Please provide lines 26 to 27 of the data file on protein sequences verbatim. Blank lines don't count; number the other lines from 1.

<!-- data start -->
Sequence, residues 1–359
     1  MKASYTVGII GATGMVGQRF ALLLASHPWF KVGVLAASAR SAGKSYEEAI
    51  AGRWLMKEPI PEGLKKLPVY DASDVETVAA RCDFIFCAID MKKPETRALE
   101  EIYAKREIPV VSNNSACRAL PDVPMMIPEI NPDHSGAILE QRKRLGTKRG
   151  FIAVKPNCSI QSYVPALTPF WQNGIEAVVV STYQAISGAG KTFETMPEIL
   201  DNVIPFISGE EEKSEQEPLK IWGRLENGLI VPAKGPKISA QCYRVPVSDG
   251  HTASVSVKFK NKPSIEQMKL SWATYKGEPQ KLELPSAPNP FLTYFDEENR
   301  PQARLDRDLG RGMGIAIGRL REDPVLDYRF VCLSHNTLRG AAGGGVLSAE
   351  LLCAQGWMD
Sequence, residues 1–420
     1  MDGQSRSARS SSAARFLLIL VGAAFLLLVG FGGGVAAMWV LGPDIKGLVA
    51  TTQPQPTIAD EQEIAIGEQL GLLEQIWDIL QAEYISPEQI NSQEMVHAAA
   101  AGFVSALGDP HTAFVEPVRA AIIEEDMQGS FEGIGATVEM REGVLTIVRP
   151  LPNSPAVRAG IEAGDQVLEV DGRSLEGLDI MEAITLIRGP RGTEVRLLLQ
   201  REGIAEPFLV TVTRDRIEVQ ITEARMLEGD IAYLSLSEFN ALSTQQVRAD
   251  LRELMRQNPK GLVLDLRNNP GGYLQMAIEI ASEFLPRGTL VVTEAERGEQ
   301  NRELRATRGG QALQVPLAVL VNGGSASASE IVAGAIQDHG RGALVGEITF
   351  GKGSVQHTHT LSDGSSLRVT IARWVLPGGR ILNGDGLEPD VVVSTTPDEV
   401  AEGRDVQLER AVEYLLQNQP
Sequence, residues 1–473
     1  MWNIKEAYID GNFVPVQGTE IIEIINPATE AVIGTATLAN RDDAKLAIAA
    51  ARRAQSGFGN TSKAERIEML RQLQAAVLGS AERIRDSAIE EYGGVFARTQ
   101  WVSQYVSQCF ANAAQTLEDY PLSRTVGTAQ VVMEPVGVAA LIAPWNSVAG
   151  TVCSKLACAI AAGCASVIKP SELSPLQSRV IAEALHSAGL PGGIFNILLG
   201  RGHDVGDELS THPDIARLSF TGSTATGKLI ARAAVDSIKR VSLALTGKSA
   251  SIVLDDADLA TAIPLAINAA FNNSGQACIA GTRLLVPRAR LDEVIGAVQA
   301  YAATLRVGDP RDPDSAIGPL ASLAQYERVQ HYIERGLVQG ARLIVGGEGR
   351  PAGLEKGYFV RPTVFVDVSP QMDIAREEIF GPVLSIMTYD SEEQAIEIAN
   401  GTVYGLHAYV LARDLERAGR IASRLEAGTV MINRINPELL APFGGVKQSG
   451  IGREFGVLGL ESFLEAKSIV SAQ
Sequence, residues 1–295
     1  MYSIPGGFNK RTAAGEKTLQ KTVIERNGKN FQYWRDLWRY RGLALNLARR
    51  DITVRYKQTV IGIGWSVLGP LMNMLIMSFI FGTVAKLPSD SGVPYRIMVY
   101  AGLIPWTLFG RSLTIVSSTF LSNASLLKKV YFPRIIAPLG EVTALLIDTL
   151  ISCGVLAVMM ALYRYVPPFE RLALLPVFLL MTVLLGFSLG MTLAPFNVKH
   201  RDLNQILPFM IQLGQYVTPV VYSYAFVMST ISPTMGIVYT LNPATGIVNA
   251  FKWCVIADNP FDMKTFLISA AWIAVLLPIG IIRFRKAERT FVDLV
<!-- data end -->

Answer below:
   251  SIVLDDADLA TAIPLAINAA FNNSGQACIA GTRLLVPRAR LDEVIGAVQA
   301  YAATLRVGDP RDPDSAIGPL ASLAQYERVQ HYIERGLVQG ARLIVGGEGR